Young activists lead SF protest against anti-trans laws

Tara Campbell Image
Monday, June 12, 2023
Young activists lead SF protest against anti-trans laws
Amid Pride Month celebrations, there was action in San Francisco as the next generation leads the way in the fight against anti-trans laws.

SAN FRANCISCO (KGO) -- Amid Pride Month celebrations, there was action in San Francisco Sunday.

Glide Memorial Church held a special service inclusive of the LGBTQ-plus community.

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A standing ovation at Glide Memorial Church for one of San Francisco's better-known drag queens, Sister Anya Streets with a story time moment and message of inclusion.

"Enter our church for all. We should be as welcoming as possible. That's right. Not just here, when we step out," Streets of the Sisters of Perpetual Indulgence said.

This comes as the ACLU is tracking nearly 500 bills, introduced this year alone, taking aim at LGBTQ+ rights, many directed at drag queens and the transgender community.

Elsewhere in the city, young voices were saying enough is enough.

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Sixteen-year-old transgender activist Hope led the march down Market Street to San Francisco City Hall.

"It really scares me for the future, because I know that there has been times in history where it just starts out with state bills, and then it goes to a national level," Hope said.

"What's going on in this country right now is actually kind of terrifying," Sol, another activist, said.

Nineteen states now have laws on the books banning gender-affirming care for trans youth, and restricting access to adults.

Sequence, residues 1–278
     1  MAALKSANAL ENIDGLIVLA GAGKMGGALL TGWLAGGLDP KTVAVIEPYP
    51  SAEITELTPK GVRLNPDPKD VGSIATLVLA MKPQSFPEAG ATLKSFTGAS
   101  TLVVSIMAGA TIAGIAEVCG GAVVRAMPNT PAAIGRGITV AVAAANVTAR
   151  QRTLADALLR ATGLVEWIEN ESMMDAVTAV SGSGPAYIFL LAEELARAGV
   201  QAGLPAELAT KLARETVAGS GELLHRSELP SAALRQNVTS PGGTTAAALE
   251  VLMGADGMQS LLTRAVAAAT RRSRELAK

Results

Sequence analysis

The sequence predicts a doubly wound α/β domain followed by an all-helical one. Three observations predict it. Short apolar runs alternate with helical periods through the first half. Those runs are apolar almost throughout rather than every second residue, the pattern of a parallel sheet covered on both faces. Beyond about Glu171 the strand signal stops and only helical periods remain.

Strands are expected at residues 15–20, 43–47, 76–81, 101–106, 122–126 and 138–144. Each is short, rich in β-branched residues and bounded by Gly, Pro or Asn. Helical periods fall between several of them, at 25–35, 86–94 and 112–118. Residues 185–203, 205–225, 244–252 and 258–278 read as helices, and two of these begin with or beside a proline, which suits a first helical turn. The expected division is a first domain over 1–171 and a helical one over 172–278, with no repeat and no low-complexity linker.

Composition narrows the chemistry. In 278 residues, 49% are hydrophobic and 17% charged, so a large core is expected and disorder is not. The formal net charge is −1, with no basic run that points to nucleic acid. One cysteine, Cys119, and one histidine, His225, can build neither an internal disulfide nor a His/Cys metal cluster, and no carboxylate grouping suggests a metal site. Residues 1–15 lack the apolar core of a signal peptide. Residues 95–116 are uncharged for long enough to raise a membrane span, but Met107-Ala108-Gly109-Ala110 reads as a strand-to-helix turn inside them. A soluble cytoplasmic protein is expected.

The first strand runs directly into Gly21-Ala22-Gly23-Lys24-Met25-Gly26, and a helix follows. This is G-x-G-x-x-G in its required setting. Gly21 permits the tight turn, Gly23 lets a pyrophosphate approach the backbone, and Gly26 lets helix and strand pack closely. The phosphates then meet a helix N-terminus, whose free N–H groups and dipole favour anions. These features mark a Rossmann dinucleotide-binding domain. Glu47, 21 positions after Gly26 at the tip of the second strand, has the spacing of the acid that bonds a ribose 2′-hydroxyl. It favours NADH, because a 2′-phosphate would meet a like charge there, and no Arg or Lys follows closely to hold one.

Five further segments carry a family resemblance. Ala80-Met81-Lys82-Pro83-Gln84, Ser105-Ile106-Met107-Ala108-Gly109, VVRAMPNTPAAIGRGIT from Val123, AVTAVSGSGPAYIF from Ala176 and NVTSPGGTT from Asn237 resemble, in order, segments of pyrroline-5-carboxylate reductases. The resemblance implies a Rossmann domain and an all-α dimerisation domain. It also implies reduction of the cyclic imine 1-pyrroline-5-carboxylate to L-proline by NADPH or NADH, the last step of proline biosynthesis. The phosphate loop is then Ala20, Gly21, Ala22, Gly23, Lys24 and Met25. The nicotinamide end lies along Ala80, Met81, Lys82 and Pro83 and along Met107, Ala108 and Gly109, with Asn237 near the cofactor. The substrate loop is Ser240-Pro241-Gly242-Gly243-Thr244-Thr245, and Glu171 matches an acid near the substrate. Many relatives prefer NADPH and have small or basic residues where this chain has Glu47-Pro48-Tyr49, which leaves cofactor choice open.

"I don't want to have to worry about getting, like, health care and that because that's like such a basic need," Sol said.

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"It sucks and it's scary and kind of hopeless," activist Eddie said. "But as long as I can, like, get out and do these things, I feel a little bit better about it. Like, I can at least do something.

"We can't be silenced," activist Abby said. "We are not going to just let them take away our rights even if they're in another place, even if they're not right here. We're going to fight for them."

"I think in some ways we have real privilege and opportunity here in San Francisco to be openly loud and proud and show the rest of the country what's possible. People look to San Francisco for hope," transgender activist and Chair of the San Francisco Democratic Party Honey Mahogany said.

Mahogany says it's imperative to protect transgender kids putting themselves out.

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"We're seeing attacks happen, terrorist groups like the Proud Boys and other groups show up at drag queen story hours or youth events and harass our young people and I feel very protective of young people," Mahogany said.

Young people say they're determined to make change.

"As soon as we are old enough to get into state governments and national governments, we're going to be the policymakers and we are going to be able to make the change that people really let us down for," Hope said.

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